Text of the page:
A common trend I’ve noticed in well-meaning people following diets is they often have developed psychological food fears. They seem to think that certain foods or macronutrients, such as carbohydrates or fat, are detrimental to health and try to avoid eating them (this can turn into a moral issue if the “bad” food is eaten, making the person feel bad about himself or herself, reducing self-esteem). These food fears can be self-created, or a result of following a particular diet philosophy. Nutrition media found online, in magazines, diet books, on TV, and/or advice from friends can often influence what a person deems to be a “safe” food or fear food – what makes up a “perfect” diet.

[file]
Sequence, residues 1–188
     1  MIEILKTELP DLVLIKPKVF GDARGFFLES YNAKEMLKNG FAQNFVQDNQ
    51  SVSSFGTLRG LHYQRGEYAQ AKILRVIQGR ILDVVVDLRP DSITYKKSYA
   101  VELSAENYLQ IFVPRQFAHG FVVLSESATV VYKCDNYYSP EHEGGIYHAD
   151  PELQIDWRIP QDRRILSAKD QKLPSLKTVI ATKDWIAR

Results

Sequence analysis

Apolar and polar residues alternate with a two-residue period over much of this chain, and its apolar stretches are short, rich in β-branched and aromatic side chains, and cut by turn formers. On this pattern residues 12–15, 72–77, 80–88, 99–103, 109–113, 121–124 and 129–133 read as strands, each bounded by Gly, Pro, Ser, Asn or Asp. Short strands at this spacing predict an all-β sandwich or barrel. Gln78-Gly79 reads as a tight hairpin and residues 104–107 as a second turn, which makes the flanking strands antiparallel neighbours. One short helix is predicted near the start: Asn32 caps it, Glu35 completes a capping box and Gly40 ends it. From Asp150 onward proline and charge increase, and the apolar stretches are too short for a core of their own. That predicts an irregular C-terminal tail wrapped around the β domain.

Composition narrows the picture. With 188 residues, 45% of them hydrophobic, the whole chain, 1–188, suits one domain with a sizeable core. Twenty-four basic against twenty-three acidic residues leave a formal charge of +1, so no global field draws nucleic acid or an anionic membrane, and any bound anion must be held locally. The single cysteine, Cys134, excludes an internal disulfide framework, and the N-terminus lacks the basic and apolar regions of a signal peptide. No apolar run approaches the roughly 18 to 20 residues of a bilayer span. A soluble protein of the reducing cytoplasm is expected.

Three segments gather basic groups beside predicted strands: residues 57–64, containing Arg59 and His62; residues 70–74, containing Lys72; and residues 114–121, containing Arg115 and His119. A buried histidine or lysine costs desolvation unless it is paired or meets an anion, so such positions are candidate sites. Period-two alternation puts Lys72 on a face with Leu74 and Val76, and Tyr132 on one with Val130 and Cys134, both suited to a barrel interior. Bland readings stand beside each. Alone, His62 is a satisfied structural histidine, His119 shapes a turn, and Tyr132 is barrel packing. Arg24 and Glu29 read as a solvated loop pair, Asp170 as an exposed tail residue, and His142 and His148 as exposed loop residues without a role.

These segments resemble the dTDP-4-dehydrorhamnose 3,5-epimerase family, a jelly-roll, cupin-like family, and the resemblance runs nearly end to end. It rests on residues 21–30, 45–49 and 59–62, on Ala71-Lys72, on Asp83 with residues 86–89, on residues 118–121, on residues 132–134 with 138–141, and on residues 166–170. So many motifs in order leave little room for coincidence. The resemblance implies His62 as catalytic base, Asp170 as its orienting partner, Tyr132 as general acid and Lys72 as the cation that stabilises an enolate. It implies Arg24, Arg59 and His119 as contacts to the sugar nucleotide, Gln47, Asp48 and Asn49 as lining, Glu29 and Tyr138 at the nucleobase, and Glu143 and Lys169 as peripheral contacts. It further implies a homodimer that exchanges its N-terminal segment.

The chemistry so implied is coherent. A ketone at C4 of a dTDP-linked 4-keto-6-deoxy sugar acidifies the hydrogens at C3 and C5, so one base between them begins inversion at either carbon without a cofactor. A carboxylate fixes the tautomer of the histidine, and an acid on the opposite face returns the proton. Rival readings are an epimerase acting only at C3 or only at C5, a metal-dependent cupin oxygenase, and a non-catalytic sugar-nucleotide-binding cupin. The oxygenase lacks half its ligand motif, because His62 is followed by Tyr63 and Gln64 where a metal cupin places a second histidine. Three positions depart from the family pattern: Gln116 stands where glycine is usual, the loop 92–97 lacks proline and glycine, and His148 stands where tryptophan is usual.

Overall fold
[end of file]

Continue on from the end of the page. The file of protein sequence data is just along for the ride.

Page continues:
The problem with labeled diets is that with every diet philosophy (whether it be vegan, vegetarianism, omnivore, Paleo, juicing, raw foods, “eat anything”, etc.), there are flip sides to the diet approach. No diet is absolutely perfect as each contains inherent advantages and disadvantages. I have a difficult time believing there is only one “right way” for all people with diverse ethnic heritages and unique DNA to eat and be completely nourished.
In order to benefit the most from nutrition, it needs to be personalized, taking into account a person’s past and present health, as well as future ambitions. Thinking beyond the context of a “cookie cutter” diet is a wonderful place to start. If this seems daunting to you and would like help from a nutrition professional, I would love to work with you to develop a customized nutrition approach to help you capitalize on your health!